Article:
Date Published: June 6, 2019
Publisher: Public Library of Science
Author(s): Simukai Shamu, Locadiah Kuwanda, Thato Farirai, Geoffrey Guloba, Jean Slabbert, Nkhensani Nkhwashu, Sphiwe Madiba.
South Africa ranks third among 22 high burden countries in the world. TB which remains a leading cause of death causes one in five adult deaths in South Africa. An in-depth understanding of knowledge, attitudes and practices of young people towards TB is required to implement meaningful interventions. We analysed young men and women (18–24 years)’s TB knowledge including TB/HIV coinfections, testing rates and factors associated with them. A cross sectional cluster-based household survey was conducted in two provinces. Participants completed computer-assisted self-interviews on TB knowledge, testing history and TB/HIV coinfections. A participant was regarded as knowledgeable of TB if s/he correctly answered the WHO-adopted TB knowledge questions. We built three multivariate regression models in Stata 13.0 to assess factors associated with knowing TB alone, testing alone and both knowing and testing for TB. 1955 participants were interviewed (89.9% response rate). Their median age was 20 years (IQR19-22). Sixteen percent (16.2%) of the participants were social grant recipients, 55% were enrolled in a school/college and 5% lived in substandard houses. A total of 72% had knowledge of TB, 21% underwent screening tests for TB and 14.7% knew and tested for TB. Factors associated with TB knowledge were being female, younger, a student, social grant recipient, not transacting sex and having positive attitudes towards people living with HIV (PLWH). Factors associated with TB testing were being a student, receiving a social grant, living in OR Tambo district, HIV knowledge and having a family member with TB history. Factors associated with both TB knowledge and testing were being female, a student, using the print media, living in OR Tambo district and having a family member with a TB history. The study demonstrates the importance of demographic factors (gender, economic status, family TB history, and location) and HIV factors in explaining TB knowledge and testing. We recommend extending community TB testing services to increase testing.
About 10 million individuals developed Mycobacterium tuberculosis bacillus (TB) disease globally and 1.6 million died in 2017. Eighty percent of the world’s burden of tuberculosis (TB) is carried by twenty-two countries defined as high burden countries by the World Health Organization (WHO) and South Africa is one of them. In South Africa 692 individuals per 100 000 people are diagnosed with TB.
A total of 1955 participants were recruited and interviewed (response rate of 89.9%) in Mpumalanga (n = 973) and Eastern Cape (n = 982) provinces. Overall 50.2% of the sample were female. Median age of the participants was 20 years (IQR19-22). A total of 16.2% participants were social grant recipients. Fifty-five percent of the participants were enrolled in school. Of the 45% out of school 82.3% were unemployed. Thirteen percent were either married or partnered. One in 20 participants (5%) lived in substandard housing including Wendy house or shack. The radio (56.4%) was the most preferred media channel for TB information dissemination followed by the television (52.1%). Overall 72.1% were knowledgeable of TB. Slightly over 1 in five (22.1%) participants reported ever testing for TB. Fifteen percent (14.7%) had correct knowledge of TB and had ever tested for TB. Table 1 shows levels of TBknowledge per question asked and as a combined variable. Participants answered most of the symptoms and transmission questions correctly compared to the questions on co-infections.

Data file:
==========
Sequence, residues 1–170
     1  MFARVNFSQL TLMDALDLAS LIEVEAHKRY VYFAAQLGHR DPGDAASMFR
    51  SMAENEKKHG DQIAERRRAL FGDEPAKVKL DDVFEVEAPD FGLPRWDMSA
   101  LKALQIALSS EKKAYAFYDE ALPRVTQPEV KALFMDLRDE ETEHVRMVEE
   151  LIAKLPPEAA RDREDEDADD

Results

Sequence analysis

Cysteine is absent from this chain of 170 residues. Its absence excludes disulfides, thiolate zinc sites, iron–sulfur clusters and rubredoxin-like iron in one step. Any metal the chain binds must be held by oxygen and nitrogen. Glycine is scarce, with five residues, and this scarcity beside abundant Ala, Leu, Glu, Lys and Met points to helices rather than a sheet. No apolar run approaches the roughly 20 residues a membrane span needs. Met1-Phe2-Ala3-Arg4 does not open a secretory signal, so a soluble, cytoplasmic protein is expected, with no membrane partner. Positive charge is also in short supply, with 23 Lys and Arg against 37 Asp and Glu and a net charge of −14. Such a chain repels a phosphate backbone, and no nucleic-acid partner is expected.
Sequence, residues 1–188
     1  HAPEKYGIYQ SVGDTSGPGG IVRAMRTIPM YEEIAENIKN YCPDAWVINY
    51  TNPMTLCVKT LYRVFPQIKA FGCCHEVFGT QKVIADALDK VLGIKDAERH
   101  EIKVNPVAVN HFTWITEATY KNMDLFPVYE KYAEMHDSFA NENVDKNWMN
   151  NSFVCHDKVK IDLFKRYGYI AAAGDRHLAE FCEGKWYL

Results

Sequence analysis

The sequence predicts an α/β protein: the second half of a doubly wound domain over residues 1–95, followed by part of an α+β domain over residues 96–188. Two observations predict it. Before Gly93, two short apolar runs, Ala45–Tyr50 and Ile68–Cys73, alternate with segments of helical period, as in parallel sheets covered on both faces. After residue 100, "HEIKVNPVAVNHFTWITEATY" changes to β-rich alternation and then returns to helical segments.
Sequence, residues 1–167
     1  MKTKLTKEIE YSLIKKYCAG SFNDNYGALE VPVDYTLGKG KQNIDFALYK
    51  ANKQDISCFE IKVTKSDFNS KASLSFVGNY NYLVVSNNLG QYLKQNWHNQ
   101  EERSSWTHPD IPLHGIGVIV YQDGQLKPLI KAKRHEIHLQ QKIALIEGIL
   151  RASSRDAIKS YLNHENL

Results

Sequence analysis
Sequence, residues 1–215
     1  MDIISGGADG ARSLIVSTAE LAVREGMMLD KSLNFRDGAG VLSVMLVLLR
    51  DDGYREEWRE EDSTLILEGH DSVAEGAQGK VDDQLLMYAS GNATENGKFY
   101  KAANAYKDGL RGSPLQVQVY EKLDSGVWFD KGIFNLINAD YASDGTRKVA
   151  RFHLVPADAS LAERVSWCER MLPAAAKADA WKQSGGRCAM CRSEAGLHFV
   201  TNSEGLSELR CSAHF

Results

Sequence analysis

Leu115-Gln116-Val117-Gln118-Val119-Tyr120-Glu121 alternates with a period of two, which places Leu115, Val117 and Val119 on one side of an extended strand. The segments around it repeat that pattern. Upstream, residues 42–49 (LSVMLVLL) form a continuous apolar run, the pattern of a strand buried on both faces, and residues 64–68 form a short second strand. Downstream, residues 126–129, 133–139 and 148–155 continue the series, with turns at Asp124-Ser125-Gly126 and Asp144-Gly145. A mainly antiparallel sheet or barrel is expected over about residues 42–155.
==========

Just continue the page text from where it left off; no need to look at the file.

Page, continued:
In this paper we sought to identify rates of and associated factors for TB knowledge and testing among young people in two districts of South Africa. We found almost three quarters of the participants knowledgeable of TB (72%) and one in five having ever tested for TB. Only 14.7% knew and tested for TB. Demographic factors were associated with both TB knowledge and testing while HIV-related factors were associated with TB knowledge alone or TB testing alone. Demographic factors related to TB knowledge and testing were being female, a student, living in OR Tambo district, having a household member who had TB before and using the print media for health messages. HIV-related factors such as high HIV knowledge, PrEP knowledge, transactional sex, having positive attitudes towards PLWH and towards HIV testing were associated with either TB knowledge alone or TB testing alone in different ways as shall be discussed. This study contributes to our knowledge of the importance of demographic factors and TB/HIV connections as communicable diseases in the prevention of TB as a leading killer disease.
The study found high levels of TB knowledge amongst youth overall but low levels of knowledge of TB/HIV coinfections. Demographic factors (age, gender, place of residence, occupation) and socio-economic status were associated with TB knowledge or testing while HIV-related factors (accepting attitudes towards HIV testing or PLWH, knowledge of PrEP and high HIV prevention knowledge score) were associated with TB knowledge alone or TB testing alone. Interventions on TB should consider strengthening the education of the people about TB/HIV coinfections in the communities towards a comprehensive programme of TB prevention including testing. Holistic interventions that target altering socio-economic characteristics of the communities remain key in ensuring that high levels of TB knowledge and testing are achieved. In a nutshell, this paper contributes to our knowledge of the importance of demographic factors and TB/HIV integration when planning TB control programmes.